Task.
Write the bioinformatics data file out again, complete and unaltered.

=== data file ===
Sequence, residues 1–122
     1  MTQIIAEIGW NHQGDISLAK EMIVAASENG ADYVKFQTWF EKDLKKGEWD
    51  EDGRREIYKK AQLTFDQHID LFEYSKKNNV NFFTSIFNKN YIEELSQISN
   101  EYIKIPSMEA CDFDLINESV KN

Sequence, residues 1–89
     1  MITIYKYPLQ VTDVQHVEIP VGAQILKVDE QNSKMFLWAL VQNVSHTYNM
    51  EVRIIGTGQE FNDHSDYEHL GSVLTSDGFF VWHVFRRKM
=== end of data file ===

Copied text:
Sequence, residues 1–122
     1  MTQIIAEIGW NHQGDISLAK EMIVAASENG ADYVKFQTWF EKDLKKGEWD
    51  EDGRREIYKK AQLTFDQHID LFEYSKKNNV NFFTSIFNKN YIEELSQISN
   101  EYIKIPSMEA CDFDLINESV KN

Sequence, residues 1–89
     1  MITIYKYPLQ VTDVQHVEIP VGAQILKVDE QNSKMFLWAL VQNVSHTYNM
    51  EVRIIGTGQE FNDHSDYEHL GSVLTSDGFF VWHVFRRKM